Europe’s most famous biennial exhibition for the quarrying industry, Hillhead 2009, should have taken place this month at Buxton in Derbyshire, UK. Earlier in the year the organisers, reacting to the effects of the global economic situation, decided to postpone the event until 2010.
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Europe’s most famous biennial exhibition for the quarrying industry, Hillhead 2009, should have taken place this month at Buxton in Derbyshire, UK. Earlier in the year the organisers, reacting to the effects of the global economic situation, decided to postpone the event until 2010. Undaunted by this, we have included a special section on quarrying and quarry restoration in this issue that begins on page 36. Here, readers will find descriptions and case studies from some of the leading international equipment suppliers who specialise in quarry operations.
Extraction of limestone, clay and other materials is essential for the manufacture of cement, but the existence of quarries, so often located in areas of outstanding scenic beauty, near villages or urban communities, has in the past, caused much anger, upset and protest within such communities. But, as Simon Walker points out in 'Natural Solutions' (page 61), “Today, it is no longer acceptable for quarry operators to extract rock – whether it is for road stone, cement production or any other purpose – and then walk away from the site, leaving nature to take its course in terms of landscape restoration.” Walker cites rehabilitation case studies in Germany and in the UK; similar ones can be found in most sustainability reports issued by the major building materials and cement producers. A good example is the landscape greening project at the Juaristi Quarry at Vzcaya (Basque Country) in Spain. Here, Financiera y Minera (Italcementi) is achieving a balance between the correct use of natural resources and long term economic growth. Quarrying and restoration occur simultaneously. The restoration plan is based on reforestation, with the main objective to reproduce the Basque forest. Landscape integration is based on creating survival conditions for implanted and naturally growing vegetation that facilitates reintroduction of local fauna and restores the aesthetic quality of the mined area. The Juaristi quarry’s characteristics are marked by the orography and existing massive rock, which requires a complex mining method (descending benching, blasting and dumping from upper levels), as well as by its close proximity to residential housing, industries and the Urkiola Natural Park.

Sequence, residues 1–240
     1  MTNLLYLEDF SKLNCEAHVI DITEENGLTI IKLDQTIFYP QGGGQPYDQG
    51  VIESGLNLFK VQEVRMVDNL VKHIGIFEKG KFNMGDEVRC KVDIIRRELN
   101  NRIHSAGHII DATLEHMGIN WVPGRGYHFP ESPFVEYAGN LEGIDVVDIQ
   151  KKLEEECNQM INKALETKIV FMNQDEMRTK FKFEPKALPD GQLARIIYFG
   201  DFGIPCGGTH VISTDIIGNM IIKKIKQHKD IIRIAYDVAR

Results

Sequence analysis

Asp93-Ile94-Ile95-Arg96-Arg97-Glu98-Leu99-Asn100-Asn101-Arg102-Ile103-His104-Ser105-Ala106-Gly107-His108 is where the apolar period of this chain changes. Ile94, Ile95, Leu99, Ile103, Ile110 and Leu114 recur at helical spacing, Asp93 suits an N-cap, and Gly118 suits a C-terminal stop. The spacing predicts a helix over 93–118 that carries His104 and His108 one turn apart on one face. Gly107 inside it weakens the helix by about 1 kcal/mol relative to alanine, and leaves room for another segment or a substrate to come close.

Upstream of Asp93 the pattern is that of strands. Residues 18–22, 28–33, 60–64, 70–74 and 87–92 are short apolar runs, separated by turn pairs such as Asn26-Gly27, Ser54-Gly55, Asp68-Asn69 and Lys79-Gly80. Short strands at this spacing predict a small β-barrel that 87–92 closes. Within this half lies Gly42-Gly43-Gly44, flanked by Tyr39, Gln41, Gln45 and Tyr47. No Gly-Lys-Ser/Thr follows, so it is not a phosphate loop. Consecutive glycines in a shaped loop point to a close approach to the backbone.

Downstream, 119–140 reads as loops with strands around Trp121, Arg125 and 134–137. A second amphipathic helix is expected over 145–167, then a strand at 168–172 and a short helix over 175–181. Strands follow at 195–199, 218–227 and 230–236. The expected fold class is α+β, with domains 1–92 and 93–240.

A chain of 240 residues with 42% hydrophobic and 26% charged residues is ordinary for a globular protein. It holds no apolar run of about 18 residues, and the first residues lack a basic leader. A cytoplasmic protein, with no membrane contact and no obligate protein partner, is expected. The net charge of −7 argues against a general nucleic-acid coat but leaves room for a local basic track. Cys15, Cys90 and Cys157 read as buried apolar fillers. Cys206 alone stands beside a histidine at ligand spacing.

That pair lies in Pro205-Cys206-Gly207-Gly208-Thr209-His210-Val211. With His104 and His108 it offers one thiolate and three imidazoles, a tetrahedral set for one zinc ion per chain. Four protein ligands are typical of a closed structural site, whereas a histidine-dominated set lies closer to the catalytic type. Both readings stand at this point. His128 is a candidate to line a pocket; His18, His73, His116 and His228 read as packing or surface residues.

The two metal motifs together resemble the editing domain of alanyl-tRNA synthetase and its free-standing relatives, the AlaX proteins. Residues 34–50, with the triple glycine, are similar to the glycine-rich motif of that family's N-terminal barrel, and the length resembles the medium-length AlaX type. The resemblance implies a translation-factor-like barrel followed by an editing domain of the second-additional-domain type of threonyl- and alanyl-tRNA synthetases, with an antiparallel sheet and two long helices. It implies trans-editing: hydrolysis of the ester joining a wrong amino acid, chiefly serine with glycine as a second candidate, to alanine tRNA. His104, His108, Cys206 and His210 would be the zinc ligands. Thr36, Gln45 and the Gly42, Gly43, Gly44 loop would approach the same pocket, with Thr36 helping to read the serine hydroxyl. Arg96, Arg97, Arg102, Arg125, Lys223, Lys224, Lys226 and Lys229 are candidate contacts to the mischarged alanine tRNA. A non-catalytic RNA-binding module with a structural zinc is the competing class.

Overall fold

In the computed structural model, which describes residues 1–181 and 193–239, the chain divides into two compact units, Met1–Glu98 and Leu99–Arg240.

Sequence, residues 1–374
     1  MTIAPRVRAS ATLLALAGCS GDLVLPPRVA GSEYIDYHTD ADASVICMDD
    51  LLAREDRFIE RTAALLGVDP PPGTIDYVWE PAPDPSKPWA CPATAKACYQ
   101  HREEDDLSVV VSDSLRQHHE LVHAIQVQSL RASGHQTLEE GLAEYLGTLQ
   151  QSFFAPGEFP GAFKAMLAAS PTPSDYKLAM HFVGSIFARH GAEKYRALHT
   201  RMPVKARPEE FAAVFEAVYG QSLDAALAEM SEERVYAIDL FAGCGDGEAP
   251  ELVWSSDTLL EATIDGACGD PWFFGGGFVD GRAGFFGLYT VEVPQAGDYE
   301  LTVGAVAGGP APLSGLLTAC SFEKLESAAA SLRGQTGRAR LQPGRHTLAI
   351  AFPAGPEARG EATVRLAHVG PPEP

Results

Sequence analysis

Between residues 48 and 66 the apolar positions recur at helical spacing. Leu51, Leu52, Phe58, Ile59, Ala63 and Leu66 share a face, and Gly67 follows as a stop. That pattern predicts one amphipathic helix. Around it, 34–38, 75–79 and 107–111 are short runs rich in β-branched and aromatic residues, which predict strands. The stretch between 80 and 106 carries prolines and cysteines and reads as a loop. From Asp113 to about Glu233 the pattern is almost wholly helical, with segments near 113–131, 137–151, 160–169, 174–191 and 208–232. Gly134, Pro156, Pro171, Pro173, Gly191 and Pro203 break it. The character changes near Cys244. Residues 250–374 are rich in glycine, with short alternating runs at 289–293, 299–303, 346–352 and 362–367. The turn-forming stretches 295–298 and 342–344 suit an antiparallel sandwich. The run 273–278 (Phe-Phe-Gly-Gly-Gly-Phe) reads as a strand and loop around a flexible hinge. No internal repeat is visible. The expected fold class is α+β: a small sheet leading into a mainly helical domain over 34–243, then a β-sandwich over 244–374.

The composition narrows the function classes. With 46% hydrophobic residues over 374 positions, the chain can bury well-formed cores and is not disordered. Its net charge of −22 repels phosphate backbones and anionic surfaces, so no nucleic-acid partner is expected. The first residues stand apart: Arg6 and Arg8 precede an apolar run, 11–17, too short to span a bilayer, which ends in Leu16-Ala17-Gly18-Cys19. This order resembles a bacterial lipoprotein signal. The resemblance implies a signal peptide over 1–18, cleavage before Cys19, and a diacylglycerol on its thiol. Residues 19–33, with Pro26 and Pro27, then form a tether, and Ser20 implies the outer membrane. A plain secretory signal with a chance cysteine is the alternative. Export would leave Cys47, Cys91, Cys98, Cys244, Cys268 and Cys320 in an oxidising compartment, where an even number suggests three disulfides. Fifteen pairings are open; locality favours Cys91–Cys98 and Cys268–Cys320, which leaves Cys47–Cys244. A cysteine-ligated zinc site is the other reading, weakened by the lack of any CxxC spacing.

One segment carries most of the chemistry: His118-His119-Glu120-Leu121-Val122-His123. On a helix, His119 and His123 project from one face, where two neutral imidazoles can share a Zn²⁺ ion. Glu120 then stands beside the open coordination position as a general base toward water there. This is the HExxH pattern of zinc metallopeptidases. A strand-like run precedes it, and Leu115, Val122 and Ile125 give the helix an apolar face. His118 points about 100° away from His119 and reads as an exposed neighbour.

A fascinating article with a difference, ‘What Lies Beneath…’ (see page 67) describes recent discoveries in the Cemex quarry in Barrington in the UK, which include the remains of an Ichthyosaur, and a large range of fossils. But this month’s issue is not entirely about quarries! With so much talk of the economic crisis and the effects it is having on the worldwide cement industry, it is good to hear of projects in certain countries that have so far remained almost untouched by recent events. One such country is Tunisia, where according to the article from Société des Ciments D’Enfidha (see page 23), large projects such as Enfidha Airport and the Sporting City in Tunis, are creating a steady domestic market. But even here, there are concerns about the effects of excess capacity in the Mediterranean region on the countries of North Africa. This month Elex has a special birthday (see page 31). It is 75 years old and WORLD CEMENT knows how it feels to reach such a milestone, having celebrated the same in 2003, so we say Happy Anniversary!